On Exuma, we snorkeled right off the beach, sipped cappuccinos and ate pastries at Café De Paris several times daily, and enjoyed the Friday night junkanoo with a limbo dancer.  The resort even set up a full day excursion for us – the 007 Thunderball Luxury Tour.

At the Nassau resort, we savored exquisite food, relaxed at our private cabana at the offshore island in a Zen garden setting, and enjoyed a personal tour of downtown Nassau with its colorful sights and sounds.

DSC_2155 downtown Nassau mural copyr

Chester and Russell at Parade Is. bridge

Chester and Russell at Parade Is. bridge

Thank you Chester, Kendra, Snovakia our PR peeps at the resorts; Jessica our tour organizer, and Peter Burrows of Exuma Cay Adventures.  And who could forget our butlers – Logesh at Emerald Bay, and Everette, Dillon, and Antonio at Royal Bahamian.

It’s better in the Bahamas!

Here’s the links:

AAA Midwest Traveler

AAA Southern Traveler

(If you have any trouble with the links, plug in a zip code from Missouri for the Midwest Traveler article at the prompt, and one from Arkansas for Southern Traveler)

Are people still alive, even though they’ve passed on?

Mom & Dad (4th & 5th from right, Grandma Kate, Grandma Mary (far right)

Mom & Dad (4th & 5th from left, Grandma Kate, Grandma Mary (far right)

I read an article by Bill McClellan in the St. Louis Post Dispatch on Wednesday titled “No one to name faces in photos”.

Although I didn’t quite understand why the story was titled this, I read on.

I was touched by Mr. McClellan’s urgency to look at old photos tucked away in a corner of his home, after his father passed on.  He cleaned out the mobile home his dad and his mother lived in, all the while wondering what items to save.

He sifted through photos of his sister, dog, and parents while living in Chicago over 50 years ago.  There were photos of his grandmother from Belfast and his sister Sarah.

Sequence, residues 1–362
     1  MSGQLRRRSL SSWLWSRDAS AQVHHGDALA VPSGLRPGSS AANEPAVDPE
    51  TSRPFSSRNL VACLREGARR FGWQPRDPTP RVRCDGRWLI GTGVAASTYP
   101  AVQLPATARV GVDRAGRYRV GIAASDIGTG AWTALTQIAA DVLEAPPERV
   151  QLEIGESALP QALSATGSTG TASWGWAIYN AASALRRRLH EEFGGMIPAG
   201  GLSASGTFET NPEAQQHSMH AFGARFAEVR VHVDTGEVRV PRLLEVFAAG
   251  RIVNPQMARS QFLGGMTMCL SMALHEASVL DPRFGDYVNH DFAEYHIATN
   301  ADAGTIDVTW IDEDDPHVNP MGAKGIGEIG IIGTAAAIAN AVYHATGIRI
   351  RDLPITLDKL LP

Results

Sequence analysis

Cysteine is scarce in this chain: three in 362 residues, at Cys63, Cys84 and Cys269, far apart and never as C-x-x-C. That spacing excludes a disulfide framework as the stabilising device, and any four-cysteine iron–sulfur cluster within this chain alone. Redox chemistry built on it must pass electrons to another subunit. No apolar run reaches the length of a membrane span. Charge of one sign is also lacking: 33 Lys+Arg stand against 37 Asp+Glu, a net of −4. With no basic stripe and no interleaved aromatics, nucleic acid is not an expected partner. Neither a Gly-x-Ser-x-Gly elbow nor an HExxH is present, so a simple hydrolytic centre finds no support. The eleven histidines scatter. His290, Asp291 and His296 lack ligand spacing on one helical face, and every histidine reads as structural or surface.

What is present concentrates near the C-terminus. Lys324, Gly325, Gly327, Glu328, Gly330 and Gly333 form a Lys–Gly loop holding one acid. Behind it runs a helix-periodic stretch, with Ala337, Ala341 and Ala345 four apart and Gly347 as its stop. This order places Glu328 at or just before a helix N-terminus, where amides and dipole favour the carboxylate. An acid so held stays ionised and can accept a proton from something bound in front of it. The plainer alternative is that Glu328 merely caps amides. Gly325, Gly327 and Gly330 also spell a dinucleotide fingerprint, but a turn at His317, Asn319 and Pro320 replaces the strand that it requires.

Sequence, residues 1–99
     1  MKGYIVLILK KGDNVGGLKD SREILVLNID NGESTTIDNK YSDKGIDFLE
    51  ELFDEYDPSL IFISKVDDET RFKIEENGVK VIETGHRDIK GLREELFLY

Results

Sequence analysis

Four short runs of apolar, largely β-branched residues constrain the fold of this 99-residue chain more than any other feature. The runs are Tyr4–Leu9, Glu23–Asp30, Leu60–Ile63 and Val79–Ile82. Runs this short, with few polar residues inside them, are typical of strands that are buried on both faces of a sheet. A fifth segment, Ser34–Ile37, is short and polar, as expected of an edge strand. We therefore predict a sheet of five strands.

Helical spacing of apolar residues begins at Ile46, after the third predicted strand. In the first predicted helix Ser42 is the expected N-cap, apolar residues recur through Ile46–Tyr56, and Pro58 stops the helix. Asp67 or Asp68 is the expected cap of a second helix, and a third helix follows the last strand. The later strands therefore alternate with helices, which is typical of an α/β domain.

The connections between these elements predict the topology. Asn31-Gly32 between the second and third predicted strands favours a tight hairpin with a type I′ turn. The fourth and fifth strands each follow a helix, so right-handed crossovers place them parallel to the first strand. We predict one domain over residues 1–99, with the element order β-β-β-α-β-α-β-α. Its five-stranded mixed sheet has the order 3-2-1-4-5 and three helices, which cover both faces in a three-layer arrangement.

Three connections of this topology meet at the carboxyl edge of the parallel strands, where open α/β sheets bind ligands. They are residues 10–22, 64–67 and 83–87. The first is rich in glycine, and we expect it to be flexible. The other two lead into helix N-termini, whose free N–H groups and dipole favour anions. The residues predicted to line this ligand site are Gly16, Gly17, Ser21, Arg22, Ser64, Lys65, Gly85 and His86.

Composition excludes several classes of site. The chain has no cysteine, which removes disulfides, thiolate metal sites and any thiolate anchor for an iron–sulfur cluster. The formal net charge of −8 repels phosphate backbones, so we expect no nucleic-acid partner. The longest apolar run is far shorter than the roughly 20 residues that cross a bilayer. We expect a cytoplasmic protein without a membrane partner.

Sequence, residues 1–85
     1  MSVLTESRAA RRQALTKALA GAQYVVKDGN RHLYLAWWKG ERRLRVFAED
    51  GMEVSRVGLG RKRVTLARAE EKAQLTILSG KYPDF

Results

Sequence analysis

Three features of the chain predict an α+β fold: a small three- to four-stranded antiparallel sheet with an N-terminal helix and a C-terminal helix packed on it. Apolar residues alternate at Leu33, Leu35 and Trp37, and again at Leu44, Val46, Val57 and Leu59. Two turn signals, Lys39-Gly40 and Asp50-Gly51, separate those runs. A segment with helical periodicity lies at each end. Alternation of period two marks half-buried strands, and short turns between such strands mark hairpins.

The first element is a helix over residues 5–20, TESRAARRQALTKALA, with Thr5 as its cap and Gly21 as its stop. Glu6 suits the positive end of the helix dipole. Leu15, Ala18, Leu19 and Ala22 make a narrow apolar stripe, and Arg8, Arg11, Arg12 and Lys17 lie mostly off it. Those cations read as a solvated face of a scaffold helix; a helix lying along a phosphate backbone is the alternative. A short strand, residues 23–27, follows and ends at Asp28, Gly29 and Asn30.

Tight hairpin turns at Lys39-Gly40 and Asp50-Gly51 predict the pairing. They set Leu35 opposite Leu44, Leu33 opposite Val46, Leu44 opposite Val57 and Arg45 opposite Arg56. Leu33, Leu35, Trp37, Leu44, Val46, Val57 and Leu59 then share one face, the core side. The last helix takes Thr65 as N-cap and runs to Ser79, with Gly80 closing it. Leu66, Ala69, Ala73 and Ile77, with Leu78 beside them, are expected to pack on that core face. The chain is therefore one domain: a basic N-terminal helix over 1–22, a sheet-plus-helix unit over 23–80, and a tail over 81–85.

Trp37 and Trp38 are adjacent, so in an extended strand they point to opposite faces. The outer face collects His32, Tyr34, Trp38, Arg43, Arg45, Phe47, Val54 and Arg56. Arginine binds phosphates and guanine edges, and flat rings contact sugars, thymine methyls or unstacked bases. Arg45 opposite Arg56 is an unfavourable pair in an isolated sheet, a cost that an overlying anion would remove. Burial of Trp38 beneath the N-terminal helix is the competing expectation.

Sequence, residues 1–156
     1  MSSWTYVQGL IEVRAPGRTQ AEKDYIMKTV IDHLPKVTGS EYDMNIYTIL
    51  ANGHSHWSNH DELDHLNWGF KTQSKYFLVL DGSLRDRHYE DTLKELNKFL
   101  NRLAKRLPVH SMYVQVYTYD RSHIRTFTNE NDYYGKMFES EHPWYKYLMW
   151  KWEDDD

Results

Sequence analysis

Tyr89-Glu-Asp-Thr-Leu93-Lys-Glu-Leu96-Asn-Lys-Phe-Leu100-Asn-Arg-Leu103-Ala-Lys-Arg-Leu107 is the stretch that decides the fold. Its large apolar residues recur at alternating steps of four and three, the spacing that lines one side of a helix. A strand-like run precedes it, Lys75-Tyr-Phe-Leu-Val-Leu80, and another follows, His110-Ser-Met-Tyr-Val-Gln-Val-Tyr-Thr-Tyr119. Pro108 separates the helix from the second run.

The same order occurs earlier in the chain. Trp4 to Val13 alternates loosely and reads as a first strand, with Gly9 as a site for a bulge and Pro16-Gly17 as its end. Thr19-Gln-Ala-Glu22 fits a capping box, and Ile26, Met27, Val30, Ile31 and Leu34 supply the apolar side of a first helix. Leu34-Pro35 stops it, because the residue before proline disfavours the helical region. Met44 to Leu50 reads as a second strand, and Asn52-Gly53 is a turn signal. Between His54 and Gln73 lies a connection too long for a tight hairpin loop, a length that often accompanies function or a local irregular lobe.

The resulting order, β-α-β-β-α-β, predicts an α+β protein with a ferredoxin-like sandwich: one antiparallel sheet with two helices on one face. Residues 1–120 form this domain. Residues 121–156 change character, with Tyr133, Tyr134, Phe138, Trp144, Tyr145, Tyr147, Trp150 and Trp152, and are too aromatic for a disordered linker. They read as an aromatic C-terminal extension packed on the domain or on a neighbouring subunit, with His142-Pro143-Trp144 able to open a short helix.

There were antique photographs – you know, the sharp and crisp kind, of days gone by.  People got dressed up for special occasions.  Or for no reason at all.

As he sifted through the cardboard box of memories, he realized that no one alive could identify mom and dad’s friends in the photos.

The line that struck me most from the article goes like this:

“They say a person is really dead only when nobody alive really thinks of them.”

I’ve been thinking about this statement for two days.  I wholeheartedly agree.

Although my Mom and Dad have passed on, I think about them daily.  I pray for them daily.

I often think about my grandmother on my Dad’s side, Mary.

I remember the Saturday morning drive to visit her in the Soulard district of St. Louis.

I remember walking up two flights of stairs, and the pungent smell of liver and onions wafting across the back yard.

I remember her opening the weathered and paint-chipped door to her apartment, and always being surprised to see us.

I remember her broken-Lithuanian accent and her frail, arthritic hands.

I remember she used to shake her fist at Dad, and curse at him in her native language.

I remember she used to call me “She-ree” and slip a twenty dollar bill in my hand, each time we’d visit.

I remember her smile, the wrinkles at the corner of her lips, and that sometimes she didn’t wear her dentures.

I remember she was short of stature, and had a huge heart.

I remember that she was humble.

Daily she’d trek to Soulard Market by foot for vegetables and fruits with her rolling cart.

I remember that when she passed on, my Mom, Dad, brother, and sister-in-law helped clean out her tiny walk-up apartment on 8th street.  One of the interesting artifacts we found was a bag of birdseed, within a glass jar, within another bag of birdseed, within another glass jar.  I suppose she couldn’t let go of the memory of her pet canary.

I remember a photo of my grandfather with a handlebar mustache.  Although an illness took him early in life, I felt like we’d met. The picture hung above her dusty tattered sofa.

So I guess a person is really dead, if no one thinks of them.  I don’t like the word dead.  I try to use other synonyms when referring to ‘that’ word.

I think of all those loved ones who’ve gone before me – their spirits are still alive in my heart.  And I can see their faces in front of me.  Almost like I can reach out and touch their physical presence.

Thank you Bill McClellan for your article.  Although the purpose of the article may not be what you intended, it stirred up great memories for me.